Death and Salvation in Ancient Egypt by Jan AssmannDeath and Salvation in Ancient Egypt by Jan Assmann

Death and Salvation in Ancient Egypt

byJan AssmannTranslated byDavid Lorton

Paperback | October 21, 2014

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"Human beings," the acclaimed Egyptologist Jan Assmann writes, "are the animals that have to live with the knowledge of their death, and culture is the world they create so they can live with that knowledge." In his new book, Assmann explores images of death and of death rites in ancient Egypt to provide startling new insights into the particular character of the civilization as a whole.

Drawing on the unfamiliar genre of the death liturgy, he arrives at a remarkably comprehensive view of the religion of death in ancient Egypt. Assmann describes in detail nine different images of death: death as the body being torn apart, as social isolation, the notion of the court of the dead, the dead body, the mummy, the soul and ancestral spirit of the dead, death as separation and transition, as homecoming, and as secret. Death and Salvation in Ancient Egypt also includes a fascinating discussion of rites that reflect beliefs about death through language and ritual.

Jan Assmann is Professor Emeritus of Egyptology at Heidelberg University. His books include The Search for God in Ancient Egypt and Death and Salvation in Ancient Egypt, both from Cornell. David Lorton, an Egyptologist, is the translator of many books, including Erik Hornung's books The Secret Lore of Egypt and Akhenaten and the Religi...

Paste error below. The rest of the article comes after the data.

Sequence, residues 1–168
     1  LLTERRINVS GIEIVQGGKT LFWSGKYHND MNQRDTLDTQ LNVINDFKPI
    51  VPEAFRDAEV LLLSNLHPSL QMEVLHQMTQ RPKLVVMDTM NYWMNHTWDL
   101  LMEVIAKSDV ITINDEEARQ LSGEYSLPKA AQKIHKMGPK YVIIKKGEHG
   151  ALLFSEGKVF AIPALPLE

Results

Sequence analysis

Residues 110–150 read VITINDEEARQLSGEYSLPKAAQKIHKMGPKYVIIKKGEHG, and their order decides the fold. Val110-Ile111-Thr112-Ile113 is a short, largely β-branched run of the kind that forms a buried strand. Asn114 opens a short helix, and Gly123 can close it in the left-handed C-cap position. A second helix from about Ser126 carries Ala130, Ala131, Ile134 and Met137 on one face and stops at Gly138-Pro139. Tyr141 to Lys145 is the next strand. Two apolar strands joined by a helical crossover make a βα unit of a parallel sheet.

Title:Death and Salvation in Ancient EgyptFormat:PaperbackDimensions:9.25 × 6.13 × 0.27 inPublished:October 21, 2014Publisher:CORNELL UNIVERSITY PRESSLanguage:English

The following ISBNs are associated with this title:

ISBN - 10:0801479738

ISBN - 13:9780801479731

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Table of Contents

Translator's Note

Introduction: Death and Culture

Part One. Images of Death
Chapter 1. Death as Dismemberment
Chapter 2. Death as Social Isolation
Chapter 3. Death as Enemy
Chapter 4. Death as Dissociation: The Person of the Deceased and Its Constituent Elements
Chapter 5. Death as Separation and Reversal
Chapter 6. Death as Transition
Chapter 7. Death as Return
Chapter 8. Death as Mystery
Chapter 9. Going Forth by Day

Part Two. Rituals and Recitations
Chapter 10. Mortuary Liturgies and Mortuary Literature
Chapter 11. In the Sign of the Enemy: The Protective Wake in the Place of Embalming
Chapter 12. The Night of Vindication
Chapter 13. Rituals of Transition from Home to Tomb
Chapter 14. Provisioning the Dead
Chapter 15. Sacramental Explanation
Chapter 16. Freedom from the Yoke of Transitoriness: Resultativity and Continuance
Chapter 17. Freedom from the Yoke of Transitoriness: Immortality

Afterword: Egypt and the History of Death


Editorial Reviews

"This very important book represents the fruit of many years of reading, thinking, and writing about the Egyptian conceptions of death and the afterlife, and constitutes a comprehensive analysis of the subject. It is a complex, multilayered interpretation that reveals the great depth and breadth of Jan Assmann's knowledge. He systematically investigates the processes of and reactions to the experience of death, the reconstitution of the body/person of the deceased, and rites and texts that relate to the afterlife."—Gerald Kadish, Binghamton University